British Airways Avios are a favorite travel currency of people who enjoy traveling short range distances. For travelers flying less than 650 miles one way, they are able to spend only 4,500 Avios to fly on carriers like Alaska Airlines, American Airlines, and US Airways (as well as other oneworld carriers around the world) versus paying what is normally like 12,500 miles for that same trip.
Avios are also very popular because you can transfer to their program from multiple transfer programs – American Express (Membership Rewards), Chase (Ultimate Rewards), and SPG’s own Starpoints. In addition, there is a Chase British Airways credit card that also gives Avios. So, it is very easy to pick up Avios thanks to all the partners. To transfer, the programs all transfer at a rate of 1:1 (with the exception of SPG since you will get an extra 5,000 Avios for every 20,000 you transfer).
Read more: Avios – The King of Spontaneous Travel
Devaluation On Amex Transfers To British Airways
But the uniformity of Avios transfers is changing this October. Thanks to Travel with Grant’s eagle eye on his latest statement, there will be a devaluation on Amex Membership Rewards to British Airways Avios transfers. It will go from the accepted standard of 1:1 in 1,000 point increments to 250 Membership Reward points to 200 Avios and the transfers must occur in blocks of 250 Membership Reward points.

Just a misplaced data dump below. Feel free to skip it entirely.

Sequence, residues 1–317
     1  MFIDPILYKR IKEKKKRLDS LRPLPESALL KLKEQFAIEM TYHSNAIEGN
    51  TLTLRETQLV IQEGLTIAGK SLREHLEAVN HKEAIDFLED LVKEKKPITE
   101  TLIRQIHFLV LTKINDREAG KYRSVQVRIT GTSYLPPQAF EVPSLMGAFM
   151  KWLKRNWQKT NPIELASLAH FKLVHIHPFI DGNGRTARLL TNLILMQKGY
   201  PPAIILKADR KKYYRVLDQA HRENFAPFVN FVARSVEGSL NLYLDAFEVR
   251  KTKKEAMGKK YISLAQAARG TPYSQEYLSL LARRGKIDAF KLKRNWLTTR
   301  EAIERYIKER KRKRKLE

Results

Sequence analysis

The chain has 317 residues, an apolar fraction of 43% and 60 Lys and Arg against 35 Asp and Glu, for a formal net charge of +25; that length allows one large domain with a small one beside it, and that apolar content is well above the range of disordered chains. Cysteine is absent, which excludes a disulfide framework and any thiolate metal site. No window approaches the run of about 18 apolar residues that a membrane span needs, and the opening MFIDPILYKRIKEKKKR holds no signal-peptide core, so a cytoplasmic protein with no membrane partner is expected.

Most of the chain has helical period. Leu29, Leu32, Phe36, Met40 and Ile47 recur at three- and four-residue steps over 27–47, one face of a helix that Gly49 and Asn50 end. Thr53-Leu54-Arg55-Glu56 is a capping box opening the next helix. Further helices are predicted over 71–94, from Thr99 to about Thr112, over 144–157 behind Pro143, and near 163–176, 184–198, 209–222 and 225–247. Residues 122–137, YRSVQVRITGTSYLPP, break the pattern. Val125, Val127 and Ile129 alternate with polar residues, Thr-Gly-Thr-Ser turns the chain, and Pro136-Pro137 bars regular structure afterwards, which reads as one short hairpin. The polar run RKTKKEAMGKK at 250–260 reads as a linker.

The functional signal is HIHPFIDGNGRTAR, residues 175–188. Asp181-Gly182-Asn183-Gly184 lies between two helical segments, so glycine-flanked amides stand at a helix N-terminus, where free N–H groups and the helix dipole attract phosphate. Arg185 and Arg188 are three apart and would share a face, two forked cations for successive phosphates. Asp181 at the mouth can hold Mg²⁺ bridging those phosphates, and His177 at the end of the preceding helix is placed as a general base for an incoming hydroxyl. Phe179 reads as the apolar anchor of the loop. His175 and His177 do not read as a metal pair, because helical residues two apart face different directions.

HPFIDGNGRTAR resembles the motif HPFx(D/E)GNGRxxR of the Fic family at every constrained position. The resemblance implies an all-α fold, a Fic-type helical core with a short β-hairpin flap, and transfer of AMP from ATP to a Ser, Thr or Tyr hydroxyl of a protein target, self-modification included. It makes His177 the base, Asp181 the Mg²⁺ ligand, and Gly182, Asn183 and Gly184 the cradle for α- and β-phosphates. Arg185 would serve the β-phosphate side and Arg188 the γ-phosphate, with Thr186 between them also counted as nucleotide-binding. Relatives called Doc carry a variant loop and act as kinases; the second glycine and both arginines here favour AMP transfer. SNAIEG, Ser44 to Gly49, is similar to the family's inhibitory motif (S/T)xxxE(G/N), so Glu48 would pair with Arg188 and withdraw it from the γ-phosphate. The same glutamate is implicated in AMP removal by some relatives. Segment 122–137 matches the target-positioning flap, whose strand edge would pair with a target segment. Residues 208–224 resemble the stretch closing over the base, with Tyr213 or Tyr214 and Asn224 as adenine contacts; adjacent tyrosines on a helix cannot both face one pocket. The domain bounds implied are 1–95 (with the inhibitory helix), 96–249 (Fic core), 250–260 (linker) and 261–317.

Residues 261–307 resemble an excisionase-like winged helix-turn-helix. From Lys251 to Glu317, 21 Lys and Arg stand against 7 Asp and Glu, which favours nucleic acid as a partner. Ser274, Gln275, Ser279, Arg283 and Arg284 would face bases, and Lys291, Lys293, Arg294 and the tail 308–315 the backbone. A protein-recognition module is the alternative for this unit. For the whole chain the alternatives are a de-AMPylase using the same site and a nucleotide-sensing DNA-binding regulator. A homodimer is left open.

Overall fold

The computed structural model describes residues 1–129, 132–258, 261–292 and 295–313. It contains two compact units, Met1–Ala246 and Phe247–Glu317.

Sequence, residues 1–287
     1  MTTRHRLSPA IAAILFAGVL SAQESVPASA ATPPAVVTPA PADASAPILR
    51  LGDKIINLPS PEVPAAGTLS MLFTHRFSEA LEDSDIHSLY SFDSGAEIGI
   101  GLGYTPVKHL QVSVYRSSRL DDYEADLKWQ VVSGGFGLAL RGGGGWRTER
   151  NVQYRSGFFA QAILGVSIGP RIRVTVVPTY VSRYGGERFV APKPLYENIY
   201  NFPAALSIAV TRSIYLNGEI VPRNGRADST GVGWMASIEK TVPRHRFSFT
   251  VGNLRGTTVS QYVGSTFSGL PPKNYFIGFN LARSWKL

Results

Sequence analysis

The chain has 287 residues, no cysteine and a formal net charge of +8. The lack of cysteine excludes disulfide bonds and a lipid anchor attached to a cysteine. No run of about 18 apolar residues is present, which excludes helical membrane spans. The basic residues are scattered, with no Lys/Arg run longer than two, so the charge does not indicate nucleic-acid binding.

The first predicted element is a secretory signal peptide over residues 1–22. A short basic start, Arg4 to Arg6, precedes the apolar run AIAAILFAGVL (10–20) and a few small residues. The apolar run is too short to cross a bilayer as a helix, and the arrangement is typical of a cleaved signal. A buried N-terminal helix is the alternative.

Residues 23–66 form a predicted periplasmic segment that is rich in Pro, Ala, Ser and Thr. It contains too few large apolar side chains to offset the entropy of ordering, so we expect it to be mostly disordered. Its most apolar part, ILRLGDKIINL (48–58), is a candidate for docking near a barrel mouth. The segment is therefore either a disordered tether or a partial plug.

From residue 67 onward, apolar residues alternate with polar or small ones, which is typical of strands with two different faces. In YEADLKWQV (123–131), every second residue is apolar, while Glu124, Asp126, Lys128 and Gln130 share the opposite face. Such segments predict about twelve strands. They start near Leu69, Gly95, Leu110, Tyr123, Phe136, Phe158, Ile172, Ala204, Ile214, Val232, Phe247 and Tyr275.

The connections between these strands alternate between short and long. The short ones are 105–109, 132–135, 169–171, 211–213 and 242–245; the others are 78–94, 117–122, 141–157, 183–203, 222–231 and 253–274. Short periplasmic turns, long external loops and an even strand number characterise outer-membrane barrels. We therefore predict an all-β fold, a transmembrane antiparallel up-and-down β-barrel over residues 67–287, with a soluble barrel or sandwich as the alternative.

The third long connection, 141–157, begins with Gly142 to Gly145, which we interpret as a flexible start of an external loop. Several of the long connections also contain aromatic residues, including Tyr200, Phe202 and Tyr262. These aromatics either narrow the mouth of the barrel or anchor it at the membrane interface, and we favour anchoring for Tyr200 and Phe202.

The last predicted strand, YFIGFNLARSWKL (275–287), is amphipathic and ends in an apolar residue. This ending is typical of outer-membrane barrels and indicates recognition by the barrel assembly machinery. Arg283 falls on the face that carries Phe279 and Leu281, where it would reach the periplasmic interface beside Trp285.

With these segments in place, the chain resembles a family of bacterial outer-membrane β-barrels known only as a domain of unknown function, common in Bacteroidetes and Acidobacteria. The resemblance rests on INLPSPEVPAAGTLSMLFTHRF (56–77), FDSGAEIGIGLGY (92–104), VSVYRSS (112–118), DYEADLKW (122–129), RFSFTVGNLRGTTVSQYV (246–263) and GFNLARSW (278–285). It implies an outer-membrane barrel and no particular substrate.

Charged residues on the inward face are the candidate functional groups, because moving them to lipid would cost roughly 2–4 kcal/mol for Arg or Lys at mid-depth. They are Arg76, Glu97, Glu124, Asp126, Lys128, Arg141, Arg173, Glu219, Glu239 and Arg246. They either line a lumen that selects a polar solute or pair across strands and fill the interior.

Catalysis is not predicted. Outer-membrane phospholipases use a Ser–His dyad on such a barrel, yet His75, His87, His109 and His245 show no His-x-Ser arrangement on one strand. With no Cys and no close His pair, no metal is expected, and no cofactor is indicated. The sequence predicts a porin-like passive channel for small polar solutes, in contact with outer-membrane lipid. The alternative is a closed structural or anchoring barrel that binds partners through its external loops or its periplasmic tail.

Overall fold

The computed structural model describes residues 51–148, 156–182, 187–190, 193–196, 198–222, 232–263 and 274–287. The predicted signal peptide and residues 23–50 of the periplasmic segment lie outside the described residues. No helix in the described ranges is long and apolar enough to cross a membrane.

That is a huge disappointment since it seriously devalues British Airways as a transfer partner from Membership Rewards. I know I am not alone in this: while Chase’s Ultimate Rewards can be transferred to British Airways at a 1:1 ratio, I prefer to save my UR points for Hyatt, Southwest, and United so Amex is my British Airways transfer partner. With this change, I will not be willing to make a move like that unless in a moment of desperation.
I know that Chase and British Airways have a close relationship, but it is hard to believe that this change is occurring with Amex since Amex is the transfer partner that quite often runs great transfer bonuses to British Airways – like the 40% one from earlier this year. I guess they will continue to offer these transfer bonuses and those bonuses will equal less value than they used to. For example, if they offer a future offer of 40% on transfers to British Airways, here is an example of how it would break down (assuming you could transfer in smaller blocks than 1,000 currently):[table “” not found /]
As you can see, even a lucrative 40% transfer bonus like we have recently seen will only have an increase of 12% thanks to the new devaluation. While it will be nice to still get a little more than we are transferring if there is a bonus, it stinks that this change is occurring. So, with this change coming October 1, it is time to think of the amount of Membership Reward points you want to transfer. I would hold off until the last minute in case they do launch a last, lucrative transfer bonus. I do not know if they will or not, but there is really not a reason to wait a while.
It will be interesting to see when American Express officially announces this transfer devaluation. It is a shame that companies like Amex (with this) and US Bank (with the Club Carlson card) have tried to conceal these notices in paper statements when these companies know that many customers have moved to paperless statements and only view their accounts online. You can view your statement online as a PDF and I would guess that many more people will be looking at the bottom of their statement after this.